Enjoying the Sidelines

I’ve always intuitively known beauty is really really important.  But aesthetics professor Elaine Scarry has helped clarify for me why it is important:

None of us are the center of the world, but each of us can get into the mistake of believing that we are the center of our own world. Beauty relieves us of this. It not only puts us on the sidelines, but makes us acutely happy to be there on the sidelines. Becoming capable of experiencing bliss in one’s own lateralness may not be itself a state of justice, but it certainly prepares us for doing such work in the world.”

Beauty is important not only because it nurtures and soothes us, but also because when we experience beauty, it moves our ego to the sidelines. And not only does our ego get moved to the sidelines, but we can even experience bliss in that experience of hanging out there.

With all of the scary news out there in the world– with all the of the uncertainty and anxiety that gets pumped through our news channels, social media feeds, and radios, we are well aware of the need to engage in some kind of justice work.  But I don’t think paying attention to beauty wherever you find it often gets considered as preparation for such work.  But perhaps it is.

I look forward to worshiping with you all this Sunday:  Where Words Cannot —
Music takes us to emotional and spiritual depths that words cannot. This Sunday, we welcome the trio of Jorge Torrez, Amanda Jane Ross and Tanya Harris for a special music Sunday, inviting their music to stir, provoke, and move us towards Beauty. Worship leaders: Rev. Darcy, Haruko DeArth, and Jorge Torrez.

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Not THAT Kind of Whitehead…(or Beauty Beyond the Skin)

It didn’t even occur to me when I typed in “beauty” and “Whitehead” that of course skin care products related to whiteheads would be the first search engine results.  I had to laugh at myself–I was that much in my theological research zone.   And yet, when a lot of people think of beauty, they indeed are thinking about appearances

You see Alfred North Whitehead is the founder of process theology, a school of thought based on the revelations of quantum physics in dialogue with classical Western philosophy.  And in this school of thought, beauty serves as a primary ethical guide.  What should you do in a situation? The most beautiful thing you can– or the action that contributes most to beauty.   And is how beauty defined in process theology?  Well, John O’Donohue captures it well when he says:

Beauty isn’t all about just nice loveliness.  Beauty is about more rounded, substantial becoming. So I think beauty, in that sense, is about an emerging fullness, a greater sense of grace and elegance, a deeper sense of depth, and also a kind of homecoming for the enriched memory of your unfolding life.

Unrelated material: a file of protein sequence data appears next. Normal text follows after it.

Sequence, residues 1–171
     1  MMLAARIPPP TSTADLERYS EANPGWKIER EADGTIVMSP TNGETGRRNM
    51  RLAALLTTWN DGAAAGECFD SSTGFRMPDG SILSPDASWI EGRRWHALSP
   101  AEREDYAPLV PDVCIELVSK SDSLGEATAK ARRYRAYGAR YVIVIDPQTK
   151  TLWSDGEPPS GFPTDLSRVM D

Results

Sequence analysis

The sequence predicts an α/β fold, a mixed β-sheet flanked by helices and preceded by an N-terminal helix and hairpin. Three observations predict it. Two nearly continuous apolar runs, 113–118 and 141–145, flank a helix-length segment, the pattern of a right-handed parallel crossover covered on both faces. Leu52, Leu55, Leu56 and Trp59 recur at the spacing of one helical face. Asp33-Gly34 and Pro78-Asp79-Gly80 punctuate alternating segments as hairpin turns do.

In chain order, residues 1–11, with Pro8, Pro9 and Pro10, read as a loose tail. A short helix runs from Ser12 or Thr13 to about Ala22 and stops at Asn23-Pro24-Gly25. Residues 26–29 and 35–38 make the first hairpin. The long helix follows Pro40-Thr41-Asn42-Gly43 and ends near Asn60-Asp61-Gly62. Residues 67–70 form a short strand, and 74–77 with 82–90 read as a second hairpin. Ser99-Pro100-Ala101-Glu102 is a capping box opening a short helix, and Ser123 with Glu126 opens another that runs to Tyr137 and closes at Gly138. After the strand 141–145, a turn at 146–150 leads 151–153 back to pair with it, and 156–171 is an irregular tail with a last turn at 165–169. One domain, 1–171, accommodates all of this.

Grace, elegance, depth, fullness, rounded, substantial.  If you are trying to figure something out in your life, what decision do you think would be the most graceful, elegant, full, round, substantial one?

I look forward to worshiping with you all this Sunday: The Beauty of Growth and Learning–Throughout our lifetimes, we humans have opportunities to grow in so many ways. Our early years are particularly rich in growth– our bodies and brains are growing and adapting more actively than in any other period of life. Come celebrate the journey of growth as we honor the youth of our community.  Worship Leaders this week are Rev. Darcy, Brian Wise, and Jorge Torrez.

Speed of Trust

There are 40 seconds left in overtime, Golden State Warriors versus Portland Trail Blazers. The Warriors are up by just one point.  If the Warriors win this game, they win the series and get to take a 9 day break before playing in the NBA Finals.  Multiple key players are injured, the team is tired.  40 seconds left and star 3-point shooter Steph Curry has the ball.  Two players are defending him and he can’t get off a good shot.  But his long-time teammate Draymond Green (known for his defensive and playmaking skills, but not as a great shooter) is wide open at the three-point line.   It would have made a lot of sense for Curry to take the shot anyway– he is good enough to have possibly made it, even with two defenders on him.  But instead he passes it to Draymond Green.   Draymond dribbles, shoots….and it goes in.  And it was that basket that essentially won the game and the Western Conference semi-finals for the Warriors.

There is a book that has been popular among UU ministers and social justice leaders these past couple of years called “Emergent Strategy,” by adrienne marie brown. Brown wrote this book to address leaders in mission driven organizations, organizations that center values of social justice, compassion, and generosity. And yet, too often, she experienced and saw that the way people treated each other in those organizations did not reflect their stated values. People got burnt out, tried to do too much, came down with stress based illnesses; people became competitive and too often inconsiderate. Her core principles for organizing and doing our work are:

  1. Small is good, small is all– the large is a reflection of the small.
  2. Change in constant– be like water.
  3. There is always enough time for the right work
  4. Never failure, always a lesson.
  5. Move at the speed of trust
  6. What you pay attention to grows.

Sportsy people are talking about this pass from Steph Curry to Draymond Green because it shows the importance of trust. Curry and Green have played a lot of games together, as very different kind of players–they know each other’s strengths and weaknesses.   And even though Green isn’t known as a shooter, Curry knew it was the time to risk trust.  And this has me curious about where in life (my life, you life, church life) is it time to risk some trust?

This Sunday in worship: The Real Story –The phrase “curiosity killed the cat” has been around for decades, if not centuries. People have enjoyed it, used it without thought, perhaps even with good intention. But Curiosity hasn’t been happy with that. She begs to differ, would like to set the record straight, and is ready to speak out. Come hear from her for yourself as she makes her first public appearance in a string of scheduled stops on that tour at the UU Fellowship this Sunday. Worship leaders: Sharon Arpoika, Rev. Erin Matteson, and Jorge Torrez.

Worry vs. Curiosity

Our religious educator, Amanda G., closed our Religious Education and Spiritual Formation team meeting Wednesday night with this quote from Rabbi Marcia Prager:

“Where worry says “oh no, what is going to happen?” curiosity says “oh wow! I wonder what will happen!”

Perhaps this feels like a frivolous quote– there is indeed so much to worry about.  Climate change, political polarization, or how about the latest in restrictive abortion access laws?  Our brains are predisposed towards negativity–a helpful trait when the only things we humans had to fear were four legged predators!  But how do we not get stuck in negativity? Because in the moments when we need creativity the most, worry and fear actually shuts down our creative capacities.